It may be time to meet with your radiologist to review your myeloma imaging tests. Imaging technologies have advanced greatly in the past few years and have become a new and important vehicle for diagnosis and prognosis. Dr. Jens Hillengass is a world renown expert on imaging techniques in multiple myeloma and shares his key learning about the technology in this show. He first shares that the traditional x-ray or skeletal survey does not provide as much information as the CT scan. Work is now being done by the International Myeloma Working Group to make CT the new gold standard over x-ray. He shares the importance of PET and MRI to see inside of the bone marrow and discusses the important use of MRI to identify unique patterns of lesions in the bone marrow: focal lesions, diffuse infiltration and a salt and pepper pattern. The number of lesions and the presence of the diffuse infiltration pattern are important for prognosis based on his research. He tells us that about a third of patients have focal lesions only and another third have diffuse only while the last third have both. If patients have more than 7 focal lesions, a dense diffuse pattern or both focal lesions and the diffuse infiltration, they have worse prognosis, but that prognosis needs to bear in mind a holistic view of each patient that also looks at LDH levels, cytogenetics and imaging results together. He gives recommendations about what imaging techniques newly diagnosed patients should receive and also shares his important recommendations for smoldering myeloma patients. This is a key show for patients who want to take charge of their care and know what questions to ask their doctor for their most accurate diagnosis and prognosis. The Myeloma Crowd Radio Show with Dr. Jens Hillengass, MD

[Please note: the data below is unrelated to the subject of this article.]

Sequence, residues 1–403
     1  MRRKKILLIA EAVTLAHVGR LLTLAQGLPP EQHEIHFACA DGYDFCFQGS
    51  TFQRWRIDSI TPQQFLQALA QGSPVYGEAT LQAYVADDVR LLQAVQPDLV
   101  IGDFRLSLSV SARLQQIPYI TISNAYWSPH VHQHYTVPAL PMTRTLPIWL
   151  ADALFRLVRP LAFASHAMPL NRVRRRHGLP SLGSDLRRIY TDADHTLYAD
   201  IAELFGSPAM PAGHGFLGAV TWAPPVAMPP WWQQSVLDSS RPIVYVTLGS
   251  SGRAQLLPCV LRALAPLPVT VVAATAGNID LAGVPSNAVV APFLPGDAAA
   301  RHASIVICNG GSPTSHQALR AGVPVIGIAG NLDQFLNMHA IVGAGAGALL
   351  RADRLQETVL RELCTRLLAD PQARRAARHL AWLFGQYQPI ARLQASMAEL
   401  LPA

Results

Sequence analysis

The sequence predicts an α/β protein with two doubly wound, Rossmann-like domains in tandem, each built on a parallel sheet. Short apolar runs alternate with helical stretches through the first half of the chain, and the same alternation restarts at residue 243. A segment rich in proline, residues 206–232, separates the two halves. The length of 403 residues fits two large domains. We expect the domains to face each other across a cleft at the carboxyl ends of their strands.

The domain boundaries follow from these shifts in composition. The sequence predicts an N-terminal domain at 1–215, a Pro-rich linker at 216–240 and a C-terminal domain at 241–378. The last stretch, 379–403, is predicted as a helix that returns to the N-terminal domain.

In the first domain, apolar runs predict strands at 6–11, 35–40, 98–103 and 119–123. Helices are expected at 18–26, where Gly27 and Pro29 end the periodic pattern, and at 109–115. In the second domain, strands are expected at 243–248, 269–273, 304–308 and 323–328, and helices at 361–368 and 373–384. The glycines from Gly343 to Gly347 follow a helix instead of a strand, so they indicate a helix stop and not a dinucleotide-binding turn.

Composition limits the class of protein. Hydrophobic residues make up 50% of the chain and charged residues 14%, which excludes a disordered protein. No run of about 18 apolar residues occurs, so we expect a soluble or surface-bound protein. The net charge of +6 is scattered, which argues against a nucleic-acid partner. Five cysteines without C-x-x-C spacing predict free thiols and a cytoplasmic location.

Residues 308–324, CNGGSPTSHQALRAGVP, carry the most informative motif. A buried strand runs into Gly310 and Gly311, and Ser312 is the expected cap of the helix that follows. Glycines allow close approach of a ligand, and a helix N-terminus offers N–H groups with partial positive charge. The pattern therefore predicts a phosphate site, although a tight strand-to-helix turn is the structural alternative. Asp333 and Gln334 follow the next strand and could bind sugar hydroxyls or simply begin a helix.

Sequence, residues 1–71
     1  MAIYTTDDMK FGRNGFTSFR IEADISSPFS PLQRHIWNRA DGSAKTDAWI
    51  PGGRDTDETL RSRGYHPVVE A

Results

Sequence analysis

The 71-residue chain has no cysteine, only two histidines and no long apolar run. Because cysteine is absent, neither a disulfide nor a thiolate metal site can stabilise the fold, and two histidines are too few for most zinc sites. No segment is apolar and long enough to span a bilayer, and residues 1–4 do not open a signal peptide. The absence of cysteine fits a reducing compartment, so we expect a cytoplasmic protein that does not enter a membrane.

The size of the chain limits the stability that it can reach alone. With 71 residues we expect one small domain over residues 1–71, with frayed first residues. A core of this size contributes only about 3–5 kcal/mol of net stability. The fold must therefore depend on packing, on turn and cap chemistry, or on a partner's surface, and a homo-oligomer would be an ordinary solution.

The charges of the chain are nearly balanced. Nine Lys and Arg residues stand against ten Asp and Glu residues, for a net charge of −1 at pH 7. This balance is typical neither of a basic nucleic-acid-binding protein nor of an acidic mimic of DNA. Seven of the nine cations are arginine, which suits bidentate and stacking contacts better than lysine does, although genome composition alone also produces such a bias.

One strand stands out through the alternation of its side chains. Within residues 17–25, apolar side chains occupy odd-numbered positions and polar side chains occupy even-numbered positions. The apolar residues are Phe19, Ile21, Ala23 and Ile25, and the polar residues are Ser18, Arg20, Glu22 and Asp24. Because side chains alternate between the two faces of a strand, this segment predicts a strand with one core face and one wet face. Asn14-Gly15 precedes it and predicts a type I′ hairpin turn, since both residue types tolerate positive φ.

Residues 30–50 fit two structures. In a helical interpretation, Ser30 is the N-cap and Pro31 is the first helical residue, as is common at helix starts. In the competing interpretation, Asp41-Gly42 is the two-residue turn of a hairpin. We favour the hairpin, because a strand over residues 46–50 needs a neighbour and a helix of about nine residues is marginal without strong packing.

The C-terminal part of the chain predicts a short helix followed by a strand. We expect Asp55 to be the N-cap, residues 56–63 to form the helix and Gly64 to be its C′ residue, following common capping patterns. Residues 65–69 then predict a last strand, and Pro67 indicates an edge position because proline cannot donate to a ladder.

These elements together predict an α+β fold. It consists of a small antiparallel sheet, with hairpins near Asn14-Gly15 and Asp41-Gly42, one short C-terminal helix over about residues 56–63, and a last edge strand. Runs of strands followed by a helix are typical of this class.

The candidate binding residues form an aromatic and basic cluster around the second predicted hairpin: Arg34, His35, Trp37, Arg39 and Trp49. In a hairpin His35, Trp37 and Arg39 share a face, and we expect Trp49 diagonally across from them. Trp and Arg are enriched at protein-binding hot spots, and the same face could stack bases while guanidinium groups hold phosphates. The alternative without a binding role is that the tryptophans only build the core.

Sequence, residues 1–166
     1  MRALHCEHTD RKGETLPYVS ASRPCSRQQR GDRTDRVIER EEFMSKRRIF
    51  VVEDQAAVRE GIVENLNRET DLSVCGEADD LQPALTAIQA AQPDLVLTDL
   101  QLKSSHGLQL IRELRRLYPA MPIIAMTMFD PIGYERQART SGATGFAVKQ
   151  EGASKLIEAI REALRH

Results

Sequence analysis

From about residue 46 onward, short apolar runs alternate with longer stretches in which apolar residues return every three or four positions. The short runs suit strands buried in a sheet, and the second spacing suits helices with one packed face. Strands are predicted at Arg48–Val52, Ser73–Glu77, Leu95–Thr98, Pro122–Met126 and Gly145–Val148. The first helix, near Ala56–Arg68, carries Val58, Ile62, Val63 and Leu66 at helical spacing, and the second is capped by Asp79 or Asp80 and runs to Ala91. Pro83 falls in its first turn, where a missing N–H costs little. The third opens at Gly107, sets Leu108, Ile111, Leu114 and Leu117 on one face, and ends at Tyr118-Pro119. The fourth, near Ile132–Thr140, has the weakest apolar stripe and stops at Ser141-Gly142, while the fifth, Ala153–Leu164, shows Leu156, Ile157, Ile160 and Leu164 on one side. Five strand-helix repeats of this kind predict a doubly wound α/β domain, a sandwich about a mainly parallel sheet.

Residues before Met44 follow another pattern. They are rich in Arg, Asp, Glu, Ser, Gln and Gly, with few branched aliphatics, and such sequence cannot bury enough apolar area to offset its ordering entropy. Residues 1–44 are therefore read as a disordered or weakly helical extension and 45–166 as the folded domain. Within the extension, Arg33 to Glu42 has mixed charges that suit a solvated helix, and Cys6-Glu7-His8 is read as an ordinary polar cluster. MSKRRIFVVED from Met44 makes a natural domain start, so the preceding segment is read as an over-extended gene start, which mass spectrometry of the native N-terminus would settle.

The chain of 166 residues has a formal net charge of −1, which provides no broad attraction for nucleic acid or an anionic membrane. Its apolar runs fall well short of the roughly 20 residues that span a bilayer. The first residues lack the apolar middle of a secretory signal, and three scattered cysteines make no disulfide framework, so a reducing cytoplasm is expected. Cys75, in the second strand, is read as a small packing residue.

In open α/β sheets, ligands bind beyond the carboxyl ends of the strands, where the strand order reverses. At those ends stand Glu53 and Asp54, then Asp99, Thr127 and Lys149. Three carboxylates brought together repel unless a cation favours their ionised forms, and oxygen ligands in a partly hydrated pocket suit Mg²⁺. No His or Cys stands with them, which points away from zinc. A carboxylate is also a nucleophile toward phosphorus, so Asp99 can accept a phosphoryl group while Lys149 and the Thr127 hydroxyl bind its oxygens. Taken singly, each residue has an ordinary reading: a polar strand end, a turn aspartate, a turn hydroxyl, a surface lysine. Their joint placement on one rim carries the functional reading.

Jens Hillengass, MD, PhD, is Professor of Oncology and Chief of the Myeloma and Amyloidosis Service at Roswell Park Cancer Institute in Buffalo, NY. Prior to joining Roswell, he was the deputy of the section multiple myeloma of the University Hospital of Heidelberg, Germany, the leader of its autologous stem cell transplantation program, and head of the hemato-oncological imaging research group at the German Cancer Research Center (DKFZ). He completed his medical degree at Heidelberg University, where he later completed residency and fellowship in the department of hematology, oncology, and rheumatology. Dr Hillengass received a Gerok scholarship to study radiology at the German Cancer Research Center. Additionally, he completed a research fellowship at the National Cancer Institute. Dr. Hillengass is member of the Black Swan Research Initiative of the International Myeloma Foundation and the International Myeloma Working Group where he co-chairs the bone and imaging group.
Myeloma survivor, patient advocate, wife, mom of 6. Believer that patients can help accelerate a cure by weighing in and participating in clinical research. Founder of the HealthTree Foundation.
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